Commemorating 100 years since
the passing of Ned Trickett
In June 1877, the great Australian rower, Edward (Ned) Trickett made his first defence of the World Championship Sculling Title he had won the year before on the Thames in England, with another spirited win this time on a course on the Parramatta River in Sydney. A crowd reported to be more than 70,000 lined both banks of the river to watch the race; equivalent to one third of Sydney’s then population!
When Trickett won the World Championship in London in 1876, he became the first Australian to be a World Champion in any sport. From this distance in time, it can be difficult for us to appreciate the galvanising impact that Trickett’s World Championship win had on the emerging sense of a separate and proud Australian identity. One thing we can readily understand are the pressures on elite sports people and the effects that can have: Trickett was no exception and battled the ‘black dog’ of depression for much of his life.
To celebrate Trickett’s first defence (which he won against Irish-Australian and long-time friend and respected rival Michael Rush) the Illustrated Sydney News published a large fold-out ‘birds-eye view’ map of the Parramatta River, showing the race route. Unusually, this map looks West along the River towards the then rapidly growing settlement of Parramatta.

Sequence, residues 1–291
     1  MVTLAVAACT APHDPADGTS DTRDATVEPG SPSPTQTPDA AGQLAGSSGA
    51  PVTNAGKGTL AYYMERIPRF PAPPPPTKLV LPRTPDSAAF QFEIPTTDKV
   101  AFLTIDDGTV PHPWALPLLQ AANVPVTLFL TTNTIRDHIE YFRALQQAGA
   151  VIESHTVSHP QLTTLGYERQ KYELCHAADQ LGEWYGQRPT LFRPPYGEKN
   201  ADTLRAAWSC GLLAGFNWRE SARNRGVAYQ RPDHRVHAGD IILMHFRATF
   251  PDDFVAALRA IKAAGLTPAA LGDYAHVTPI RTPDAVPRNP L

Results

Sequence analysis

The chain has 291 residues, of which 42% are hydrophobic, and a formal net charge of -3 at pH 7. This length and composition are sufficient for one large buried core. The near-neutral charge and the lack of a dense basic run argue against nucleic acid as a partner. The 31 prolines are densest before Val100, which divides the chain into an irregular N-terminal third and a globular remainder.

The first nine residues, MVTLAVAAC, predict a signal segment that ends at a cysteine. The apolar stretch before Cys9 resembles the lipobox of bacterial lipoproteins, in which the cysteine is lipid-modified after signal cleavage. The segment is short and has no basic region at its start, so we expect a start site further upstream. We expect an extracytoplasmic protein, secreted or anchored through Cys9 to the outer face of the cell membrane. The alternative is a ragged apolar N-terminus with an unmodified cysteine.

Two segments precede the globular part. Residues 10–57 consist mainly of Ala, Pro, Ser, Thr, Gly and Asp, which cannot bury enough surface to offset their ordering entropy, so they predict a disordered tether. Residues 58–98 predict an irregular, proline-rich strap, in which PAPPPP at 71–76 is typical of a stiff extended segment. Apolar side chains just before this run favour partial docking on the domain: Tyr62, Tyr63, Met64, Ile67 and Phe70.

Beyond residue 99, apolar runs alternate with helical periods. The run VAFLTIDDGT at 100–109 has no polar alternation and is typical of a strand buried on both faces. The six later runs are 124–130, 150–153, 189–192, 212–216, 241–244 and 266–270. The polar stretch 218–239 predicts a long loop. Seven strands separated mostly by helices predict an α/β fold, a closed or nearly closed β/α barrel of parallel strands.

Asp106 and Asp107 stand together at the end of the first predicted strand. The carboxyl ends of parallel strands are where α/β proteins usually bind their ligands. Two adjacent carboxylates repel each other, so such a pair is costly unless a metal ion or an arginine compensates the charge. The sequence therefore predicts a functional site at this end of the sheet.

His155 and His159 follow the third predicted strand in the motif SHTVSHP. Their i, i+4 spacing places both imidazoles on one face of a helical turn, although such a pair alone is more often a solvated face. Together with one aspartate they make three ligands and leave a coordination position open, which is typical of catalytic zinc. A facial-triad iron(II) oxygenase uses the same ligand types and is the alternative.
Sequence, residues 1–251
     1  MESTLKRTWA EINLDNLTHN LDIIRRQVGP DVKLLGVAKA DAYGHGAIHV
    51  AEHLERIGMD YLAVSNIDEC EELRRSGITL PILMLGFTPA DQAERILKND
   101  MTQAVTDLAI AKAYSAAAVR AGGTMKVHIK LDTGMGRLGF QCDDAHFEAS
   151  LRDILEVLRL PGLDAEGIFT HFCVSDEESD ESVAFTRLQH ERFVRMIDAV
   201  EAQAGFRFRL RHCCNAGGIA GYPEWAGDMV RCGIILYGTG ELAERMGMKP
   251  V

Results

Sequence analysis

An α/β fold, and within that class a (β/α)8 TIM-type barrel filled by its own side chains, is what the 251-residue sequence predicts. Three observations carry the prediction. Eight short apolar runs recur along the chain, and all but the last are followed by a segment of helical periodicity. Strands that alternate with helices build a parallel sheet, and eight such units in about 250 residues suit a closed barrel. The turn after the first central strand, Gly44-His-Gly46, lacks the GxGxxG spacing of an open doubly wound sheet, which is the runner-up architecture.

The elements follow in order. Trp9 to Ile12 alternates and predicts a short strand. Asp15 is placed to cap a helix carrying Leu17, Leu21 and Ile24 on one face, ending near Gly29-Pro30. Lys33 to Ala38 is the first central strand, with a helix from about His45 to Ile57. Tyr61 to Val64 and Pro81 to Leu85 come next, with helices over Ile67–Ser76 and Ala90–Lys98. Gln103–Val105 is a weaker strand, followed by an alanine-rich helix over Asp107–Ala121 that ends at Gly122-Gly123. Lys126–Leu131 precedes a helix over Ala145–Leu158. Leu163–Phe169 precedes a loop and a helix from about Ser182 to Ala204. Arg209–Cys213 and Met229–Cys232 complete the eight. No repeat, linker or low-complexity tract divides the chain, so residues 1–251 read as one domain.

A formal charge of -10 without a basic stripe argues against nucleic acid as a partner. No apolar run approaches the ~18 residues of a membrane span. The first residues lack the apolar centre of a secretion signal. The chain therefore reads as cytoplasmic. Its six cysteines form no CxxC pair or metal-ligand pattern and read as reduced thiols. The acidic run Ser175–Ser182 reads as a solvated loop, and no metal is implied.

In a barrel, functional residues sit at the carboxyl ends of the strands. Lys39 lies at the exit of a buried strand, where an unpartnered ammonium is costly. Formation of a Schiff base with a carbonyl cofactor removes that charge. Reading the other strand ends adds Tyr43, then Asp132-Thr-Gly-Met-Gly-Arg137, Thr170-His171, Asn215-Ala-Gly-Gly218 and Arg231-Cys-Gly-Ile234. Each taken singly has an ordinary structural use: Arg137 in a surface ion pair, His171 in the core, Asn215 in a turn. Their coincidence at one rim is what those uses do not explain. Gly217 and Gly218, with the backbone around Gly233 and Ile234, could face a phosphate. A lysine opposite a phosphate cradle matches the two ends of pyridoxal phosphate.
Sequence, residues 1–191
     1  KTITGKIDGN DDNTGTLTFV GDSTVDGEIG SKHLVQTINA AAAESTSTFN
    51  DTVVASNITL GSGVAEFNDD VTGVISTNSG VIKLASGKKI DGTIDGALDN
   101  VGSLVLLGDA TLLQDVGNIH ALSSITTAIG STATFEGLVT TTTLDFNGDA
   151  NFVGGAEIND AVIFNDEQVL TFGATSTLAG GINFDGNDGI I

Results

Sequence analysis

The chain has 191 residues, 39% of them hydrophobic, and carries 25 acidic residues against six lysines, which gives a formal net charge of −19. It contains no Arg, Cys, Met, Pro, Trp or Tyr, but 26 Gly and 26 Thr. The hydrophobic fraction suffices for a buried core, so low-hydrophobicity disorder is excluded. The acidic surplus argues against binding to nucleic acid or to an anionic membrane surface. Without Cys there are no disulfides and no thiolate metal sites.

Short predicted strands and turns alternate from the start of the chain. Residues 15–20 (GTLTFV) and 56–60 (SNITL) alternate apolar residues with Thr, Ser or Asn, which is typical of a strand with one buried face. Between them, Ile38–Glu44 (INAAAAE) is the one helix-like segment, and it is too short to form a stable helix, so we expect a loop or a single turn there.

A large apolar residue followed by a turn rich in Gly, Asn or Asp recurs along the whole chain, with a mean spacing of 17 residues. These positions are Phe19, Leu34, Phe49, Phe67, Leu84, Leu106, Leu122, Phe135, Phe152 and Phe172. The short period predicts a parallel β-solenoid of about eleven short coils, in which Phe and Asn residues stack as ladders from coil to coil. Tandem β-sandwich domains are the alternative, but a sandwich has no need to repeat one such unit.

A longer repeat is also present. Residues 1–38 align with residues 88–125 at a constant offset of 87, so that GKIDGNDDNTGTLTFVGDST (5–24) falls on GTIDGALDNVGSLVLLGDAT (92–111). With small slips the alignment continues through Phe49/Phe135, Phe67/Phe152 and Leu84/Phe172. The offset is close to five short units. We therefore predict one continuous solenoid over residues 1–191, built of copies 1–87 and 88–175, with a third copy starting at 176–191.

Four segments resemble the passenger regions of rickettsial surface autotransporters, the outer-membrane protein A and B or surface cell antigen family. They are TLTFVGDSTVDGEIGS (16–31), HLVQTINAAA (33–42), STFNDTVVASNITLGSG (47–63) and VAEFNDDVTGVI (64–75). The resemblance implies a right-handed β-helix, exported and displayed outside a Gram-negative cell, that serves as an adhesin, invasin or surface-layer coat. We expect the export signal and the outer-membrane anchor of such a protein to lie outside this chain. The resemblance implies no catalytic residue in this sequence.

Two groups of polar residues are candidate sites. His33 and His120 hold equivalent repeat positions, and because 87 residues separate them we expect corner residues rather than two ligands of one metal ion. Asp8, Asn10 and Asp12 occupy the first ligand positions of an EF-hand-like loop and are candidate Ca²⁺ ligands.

Very few of these beautiful maps have survived; the Australian National Maritime Museum has one, as does the NSW State Library. To commemorate the centenary of Trickett’s passing and for the first time since its original publication in 1877, a limited edition reproduction of this rare, beautiful and historically interesting map has been published by Rafter Limited Editions.
“the first man not bred in England to win the great prize of the championship of the world who had won honour for the people of the whole of these colonies”.The Hon. Sir John Robertson
Own your own piece of history
A birds-eye view ‘map’ of the Parramatta River showingthe route of the Championship Race, originally published in the Illustrated Sydney News July 1877
(now familiar to generations of Sydney rowers)